According to the percentage distribution of the THI categories, comfortable range is prevalent in the city center in the rate of 25.2% while in rural areas it is 23%, which is an insignificant difference. In a similar study (Unger, 1999), carried out in the middle size city of Szeged, Hungary, this rate was found to be 30% for urban and 20% for rural areas. Percentage difference in comfortable category in the mentioned study (10%) is larger than that found in the present study (2.2%) due to the larger size of Szeged and of its population.

In our study, PMV values are not consistent with THI values because the number of comfortable days in urban area is larger than rural. The reason for this may be PMV categories, since in the season when comfortable range is expected to be prevalent, slightly warm category is prevalent. This may be a problematic situation for PMV categories and these categories should be adapted to this part of the world. If the favorable characteristics of the bioclimatic comfort indices are considered, then it can be said that THI index has shown more favorable characteristics for the evaluation with suitable ranges to the study area, even though PMV is the more complex and comprehensive index.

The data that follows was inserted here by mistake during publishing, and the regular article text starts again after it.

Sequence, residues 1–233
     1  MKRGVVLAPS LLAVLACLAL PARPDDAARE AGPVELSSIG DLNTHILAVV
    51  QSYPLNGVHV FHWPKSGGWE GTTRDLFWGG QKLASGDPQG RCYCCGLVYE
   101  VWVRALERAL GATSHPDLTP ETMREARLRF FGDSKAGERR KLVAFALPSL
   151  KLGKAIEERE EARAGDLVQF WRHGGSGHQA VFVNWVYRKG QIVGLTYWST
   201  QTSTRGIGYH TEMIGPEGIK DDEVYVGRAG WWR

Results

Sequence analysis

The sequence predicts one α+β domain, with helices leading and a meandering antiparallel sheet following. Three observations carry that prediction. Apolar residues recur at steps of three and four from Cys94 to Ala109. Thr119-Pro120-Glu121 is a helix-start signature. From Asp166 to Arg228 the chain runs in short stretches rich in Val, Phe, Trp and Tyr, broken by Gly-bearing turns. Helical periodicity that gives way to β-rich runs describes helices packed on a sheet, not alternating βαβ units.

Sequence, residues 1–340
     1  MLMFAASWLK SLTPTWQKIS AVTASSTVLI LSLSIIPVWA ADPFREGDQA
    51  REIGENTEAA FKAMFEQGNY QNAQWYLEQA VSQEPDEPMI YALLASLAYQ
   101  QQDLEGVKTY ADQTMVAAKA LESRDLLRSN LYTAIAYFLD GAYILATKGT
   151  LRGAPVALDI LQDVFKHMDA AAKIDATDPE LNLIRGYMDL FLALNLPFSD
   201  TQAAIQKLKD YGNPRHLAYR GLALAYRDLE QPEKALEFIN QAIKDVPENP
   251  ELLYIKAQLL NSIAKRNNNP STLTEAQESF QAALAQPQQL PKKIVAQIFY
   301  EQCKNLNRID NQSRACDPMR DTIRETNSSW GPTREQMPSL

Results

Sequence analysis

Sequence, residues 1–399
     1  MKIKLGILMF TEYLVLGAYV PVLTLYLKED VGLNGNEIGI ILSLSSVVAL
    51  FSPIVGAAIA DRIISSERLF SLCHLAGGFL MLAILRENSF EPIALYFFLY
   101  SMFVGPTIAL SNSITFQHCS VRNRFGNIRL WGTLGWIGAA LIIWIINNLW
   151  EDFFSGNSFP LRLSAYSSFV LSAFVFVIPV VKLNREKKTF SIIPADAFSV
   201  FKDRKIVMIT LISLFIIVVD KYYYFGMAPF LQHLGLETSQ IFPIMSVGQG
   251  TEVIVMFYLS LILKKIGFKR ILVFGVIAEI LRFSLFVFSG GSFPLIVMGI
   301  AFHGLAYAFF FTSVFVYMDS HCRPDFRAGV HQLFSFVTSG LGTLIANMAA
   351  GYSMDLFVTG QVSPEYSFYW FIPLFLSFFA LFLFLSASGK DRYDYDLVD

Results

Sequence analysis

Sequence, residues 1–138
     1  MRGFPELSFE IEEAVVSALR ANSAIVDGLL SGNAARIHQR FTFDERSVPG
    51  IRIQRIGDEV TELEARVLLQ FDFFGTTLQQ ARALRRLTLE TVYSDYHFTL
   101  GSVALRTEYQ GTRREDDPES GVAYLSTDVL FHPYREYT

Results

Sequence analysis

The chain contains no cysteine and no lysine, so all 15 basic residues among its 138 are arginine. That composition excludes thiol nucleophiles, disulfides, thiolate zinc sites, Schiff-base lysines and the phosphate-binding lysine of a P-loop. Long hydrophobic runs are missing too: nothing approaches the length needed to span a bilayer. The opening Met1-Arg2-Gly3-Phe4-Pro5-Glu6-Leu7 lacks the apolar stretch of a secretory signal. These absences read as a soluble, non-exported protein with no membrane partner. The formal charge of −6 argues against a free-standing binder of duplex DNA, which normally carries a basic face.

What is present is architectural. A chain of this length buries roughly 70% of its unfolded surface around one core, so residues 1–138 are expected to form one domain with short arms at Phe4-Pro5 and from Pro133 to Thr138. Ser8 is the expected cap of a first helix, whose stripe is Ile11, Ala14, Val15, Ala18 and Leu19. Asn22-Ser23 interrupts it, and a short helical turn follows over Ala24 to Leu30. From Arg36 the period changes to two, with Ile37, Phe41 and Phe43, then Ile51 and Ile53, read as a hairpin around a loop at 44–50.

This study has shown that if a city has favorable characteristics in both planning and size, its effects on human thermal comfort may be smaller. Therefore, in urban and land use plans and designs, great care should be taken to avoid the construction of the dense, overpopulated, deforested and thermally uncomfortable environments. Related professionals whose work fields are planning and designing, e.g. landscape architects and urban planners, should seek new ways of providing healthy environments for people considering the basic principles of their occupations, e.g. leaving enough vegetated spaces. Another approach for the construction of thermally comfortable environments may be the clustering of newly developing cities by placing large green areas between them and by reducing the size of population and surface areas of the settlements. Since the number of such studies in developing countries like Turkey is insufficient, their quality and quantity should be increased in order to provide local people with more liveable urban environments.